The United States Declaration of Independence did not recognise a right to happiness merely a right to pursue happiness. This new “capitalist order” (as Fernand Braudel described it), rational and fascinated with the idea of maximising gain and minimising loss (the idea of utility), is the essence of the State today. The left’s call for an overhaul of the political order we have here is hence pointless, because no amount of constitutional amendments are going to change the oppressive nature of that system. But our intelligentsia remain attached to campaigns that have brought off the ultimate deception: a movement that talks big on social ills without mentioning the economic foundation to them.
"Since 2015, we have seen one oppressive economic measure after another being piled on the people"
No one is going to get at a national consensus until we strip these social and cultural problems of the frill that gets added to them by ideologues and get at their essential character. The fact that we have not been able to do this, however, is in large part due to both sides of the spectrum: the rights brigade for demanding a halt to displays of populist nationalism without getting to the roots of populist nationalism, and the petit bourgeois nationalists for demanding a halt to manifestations of minority grievances without getting to the roots of those grievances.
Politicians who take to Twitter claiming to speak for true Buddhists and urging everyone to take a stand against chauvinists, without considering the economic policies that put an inexorable strain on the lower (middle) class and fuelled chauvinism, are hence engaging in doublespeak.
Since 2015, we have seen one oppressive economic measure after another being piled on the people. We have seen price hikes; attempts at privatisation, deregulation, and scaling down of State property; simmering ethnic tensions made worse by statements by ministers who went mum when tensions flared up in other communities; proposals to recognise a Joint Opposition that stood apart from a government and a government-appointed Opposition shelved off, causing the JO to seek popular support outside the parliament; and activists and intellectuals whose mouths never open over, and against, the government’s less than stellar economic policies.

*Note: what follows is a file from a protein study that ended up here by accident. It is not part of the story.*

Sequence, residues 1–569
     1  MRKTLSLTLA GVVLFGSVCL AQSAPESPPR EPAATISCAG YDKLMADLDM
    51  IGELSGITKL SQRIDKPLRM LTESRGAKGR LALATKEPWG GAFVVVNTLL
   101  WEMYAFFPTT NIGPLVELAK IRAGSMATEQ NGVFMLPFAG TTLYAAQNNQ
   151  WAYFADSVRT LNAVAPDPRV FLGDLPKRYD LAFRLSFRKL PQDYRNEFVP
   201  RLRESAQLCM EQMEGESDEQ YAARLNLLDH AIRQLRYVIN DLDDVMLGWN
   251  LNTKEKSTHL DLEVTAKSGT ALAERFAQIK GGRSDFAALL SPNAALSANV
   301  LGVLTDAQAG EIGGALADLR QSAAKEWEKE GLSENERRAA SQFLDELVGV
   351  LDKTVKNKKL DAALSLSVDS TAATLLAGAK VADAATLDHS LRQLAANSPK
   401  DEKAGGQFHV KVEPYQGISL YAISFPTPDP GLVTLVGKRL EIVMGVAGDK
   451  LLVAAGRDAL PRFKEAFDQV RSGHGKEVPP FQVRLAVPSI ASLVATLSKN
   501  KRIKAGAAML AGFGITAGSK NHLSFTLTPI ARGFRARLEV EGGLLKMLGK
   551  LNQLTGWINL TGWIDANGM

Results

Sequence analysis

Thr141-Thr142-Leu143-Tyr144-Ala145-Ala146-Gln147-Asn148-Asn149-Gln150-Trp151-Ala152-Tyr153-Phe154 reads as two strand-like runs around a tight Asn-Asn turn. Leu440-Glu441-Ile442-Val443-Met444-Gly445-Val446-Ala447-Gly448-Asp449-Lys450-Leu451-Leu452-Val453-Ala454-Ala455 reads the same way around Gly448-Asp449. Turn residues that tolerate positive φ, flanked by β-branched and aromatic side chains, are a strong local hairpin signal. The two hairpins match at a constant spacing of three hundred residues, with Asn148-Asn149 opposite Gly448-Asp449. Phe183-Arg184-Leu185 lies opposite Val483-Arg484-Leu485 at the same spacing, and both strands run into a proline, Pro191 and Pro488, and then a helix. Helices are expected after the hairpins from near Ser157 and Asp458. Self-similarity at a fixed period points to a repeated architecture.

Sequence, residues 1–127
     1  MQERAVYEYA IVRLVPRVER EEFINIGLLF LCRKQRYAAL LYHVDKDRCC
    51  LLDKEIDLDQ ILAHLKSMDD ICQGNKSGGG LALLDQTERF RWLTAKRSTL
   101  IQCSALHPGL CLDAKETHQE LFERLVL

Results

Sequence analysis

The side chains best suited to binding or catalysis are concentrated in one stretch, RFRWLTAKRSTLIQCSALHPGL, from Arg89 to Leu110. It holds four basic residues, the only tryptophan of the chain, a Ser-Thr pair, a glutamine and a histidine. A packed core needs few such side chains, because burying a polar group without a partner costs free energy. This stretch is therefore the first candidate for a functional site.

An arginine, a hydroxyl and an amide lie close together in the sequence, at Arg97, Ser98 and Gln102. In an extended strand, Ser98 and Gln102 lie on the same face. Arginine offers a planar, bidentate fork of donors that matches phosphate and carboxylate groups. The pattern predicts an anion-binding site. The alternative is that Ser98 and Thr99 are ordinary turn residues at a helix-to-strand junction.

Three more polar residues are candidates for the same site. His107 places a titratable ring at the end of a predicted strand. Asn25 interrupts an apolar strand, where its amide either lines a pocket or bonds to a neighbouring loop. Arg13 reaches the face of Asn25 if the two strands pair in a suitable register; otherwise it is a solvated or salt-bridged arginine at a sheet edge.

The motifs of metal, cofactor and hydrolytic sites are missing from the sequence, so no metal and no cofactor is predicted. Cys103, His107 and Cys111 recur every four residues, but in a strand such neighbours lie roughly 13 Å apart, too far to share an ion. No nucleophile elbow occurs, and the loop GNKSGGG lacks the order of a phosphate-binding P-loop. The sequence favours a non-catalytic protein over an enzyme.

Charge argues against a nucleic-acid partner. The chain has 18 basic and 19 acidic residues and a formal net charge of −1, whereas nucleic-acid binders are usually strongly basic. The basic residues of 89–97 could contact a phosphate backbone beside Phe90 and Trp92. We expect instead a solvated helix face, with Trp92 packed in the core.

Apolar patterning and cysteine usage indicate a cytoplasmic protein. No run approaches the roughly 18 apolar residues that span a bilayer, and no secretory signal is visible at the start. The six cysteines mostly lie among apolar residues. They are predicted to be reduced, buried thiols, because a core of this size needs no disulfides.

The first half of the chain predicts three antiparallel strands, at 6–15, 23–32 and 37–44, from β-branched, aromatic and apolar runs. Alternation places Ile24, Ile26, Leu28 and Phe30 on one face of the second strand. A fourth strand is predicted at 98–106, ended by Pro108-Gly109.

The short-lived Rajapaksa-Sirisena administration, as one writer pointed out aptly in an article in Jacobin magazine (“The Crisis in Sri Lanka”), was a “remarkably peaceful affair” greeted by “near silence.” Indeed, hidden beneath the protests and the demonstrations, the “I-am-not-here-for-Ranil-but-for-democracy” slogans and slogan-bearers, was a simmering hatred of the Sirisena-Wickremesinghe regime.
If the Rajapaksa administration achieved one small thing in their three months in power, it is this: it eroded any popular sympathy for the neo-liberal wing of the UNP. This process of declining credibility accelerated after the Easter bombings.
You can call the Rajapaksas fundamentalists, chauvinists, populists, and demagogues. You can argue they and the rest of their brigade are motivated by a megalomania which remains unprecedented in our history. You can make the case for the belief that the country is suffering because of its political representatives. To me these remain convenient, lazy and reductionist conclusions of a consumerist middle class exculpating itself of guilt over its less-than-considerable contribution to the country.
Politics is inseparable from economics. Economics is inseparable from culture and society. And culture and society are inseparable from us. Attributing the issues of the present to politicians and populists, without giving due weight to those who provoked those issues through malignant economic policies, is avoiding one dead-end for another. It has not, does not and will not work. If we are aiming at a national consensus, we should thus go back in time, read wMarx, if not the followers of Marx, and strive to wed the political with the economic.